and sent it to Mr. Carter. I got his reply this morning, and
among other things it encloses the official statement of those
saved from the Lusitania. How's that for clever little

"Full marks for industry, zero for modesty. But the great point
is, is there a 'Rita' on the list?"

"That's just what I don't know," confessed Tuppence.

"Don't know?"

"Yes. Look here." Together they bent over the list. "You see,
very few Christian names are given. They're nearly all Mrs. or

Tommy nodded.

"That complicates matters," he murmured thoughtfully.

Tuppence gave her characteristic "terrier" shake.

"Well, we've just got to get down to it, that's all. We'll start
with the London area. Just note down the addresses of any of the
females who live in London or roundabout, while I put on my hat."

Five minutes later the young couple emerged into Piccadilly, and
a few seconds later a taxi was bearing them to The Laurels,
Glendower Road, N.7, the residence of Mrs. Edgar Keith, whose
name figured first in a list of seven reposing in Tommy's

The Laurels was a dilapidated house, standing back from the road
with a few grimy bushes to support the fiction of a front garden.
Tommy paid off the taxi, and accompanied Tuppence to the front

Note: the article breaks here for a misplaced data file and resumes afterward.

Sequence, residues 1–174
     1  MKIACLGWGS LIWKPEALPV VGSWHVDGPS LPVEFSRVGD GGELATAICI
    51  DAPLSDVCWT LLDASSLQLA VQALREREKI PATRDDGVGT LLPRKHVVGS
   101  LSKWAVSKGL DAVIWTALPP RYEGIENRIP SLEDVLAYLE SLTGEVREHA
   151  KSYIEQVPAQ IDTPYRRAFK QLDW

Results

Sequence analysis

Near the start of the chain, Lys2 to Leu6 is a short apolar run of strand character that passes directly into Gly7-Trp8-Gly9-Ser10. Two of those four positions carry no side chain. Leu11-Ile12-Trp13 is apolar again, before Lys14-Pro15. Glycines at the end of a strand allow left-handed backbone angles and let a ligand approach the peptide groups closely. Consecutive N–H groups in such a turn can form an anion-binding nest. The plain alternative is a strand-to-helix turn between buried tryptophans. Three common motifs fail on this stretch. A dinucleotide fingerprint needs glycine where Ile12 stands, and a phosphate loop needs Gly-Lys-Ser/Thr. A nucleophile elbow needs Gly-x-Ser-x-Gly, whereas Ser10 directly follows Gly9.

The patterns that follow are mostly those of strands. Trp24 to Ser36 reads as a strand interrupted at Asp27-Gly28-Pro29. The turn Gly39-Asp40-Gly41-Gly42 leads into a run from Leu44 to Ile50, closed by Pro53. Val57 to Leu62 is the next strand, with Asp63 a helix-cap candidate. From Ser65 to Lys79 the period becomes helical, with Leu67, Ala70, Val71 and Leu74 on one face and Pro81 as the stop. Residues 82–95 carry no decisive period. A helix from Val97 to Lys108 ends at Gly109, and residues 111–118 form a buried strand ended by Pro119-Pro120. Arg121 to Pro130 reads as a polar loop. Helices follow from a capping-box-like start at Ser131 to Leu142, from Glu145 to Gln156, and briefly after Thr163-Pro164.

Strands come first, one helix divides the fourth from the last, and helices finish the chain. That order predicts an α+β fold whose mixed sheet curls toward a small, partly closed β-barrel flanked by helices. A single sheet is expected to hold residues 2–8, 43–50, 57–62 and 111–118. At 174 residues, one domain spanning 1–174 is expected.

door bell. As she was about to ring it, he arrested her hand.

"What are you going to say?"

"What am I going to say? Why, I shall say--Oh dear, I don't
know. It's very awkward."

"I thought as much," said Tommy with satisfaction. "How like a
woman! No foresight! Now just stand aside, and see how easily
the mere male deals with the situation." He pressed the bell.
Tuppence withdrew to a suitable spot.

A slatternly looking servant, with an extremely dirty face and a
pair of eyes that did not match, answered the door.

Tommy had produced a notebook and pencil.

"Good morning," he said briskly and cheerfully. "From the
Hampstead Borough Council. The new Voting Register. Mrs. Edgar
Keith lives here, does she not?"

"Yaas," said the servant.

"Christian name?" asked Tommy, his pencil poised.

"Missus's? Eleanor Jane."

"Eleanor," spelt Tommy. "Any sons or daughters over twenty-one?"


"Thank you." Tommy closed the notebook with a brisk snap. "Good

The servant volunteered her first remark:

"I thought perhaps as you'd come about the gas," she observed
cryptically, and shut the door.

Tommy rejoined his accomplice.

"You see, Tuppence," he observed. "Child's play to the masculine

"I don't mind admitting that for once you've scored handsomely. I
should never have thought of that."

"Good wheeze, wasn't it? And we can repeat it ad lib."

Lunch-time found the young couple attacking a steak and chips in
an obscure hostelry with avidity. They had collected a Gladys
Mary and a Marjorie, been baffled by one change of address, and
had been forced to listen to a long lecture on universal suffrage
from a vivacious American lady whose Christian name had proved to
be Sadie.

"Ah!" said Tommy, imbibing a long draught of beer, "I feel
better. Where's the next draw?"

The notebook lay on the table between them. Tuppence picked it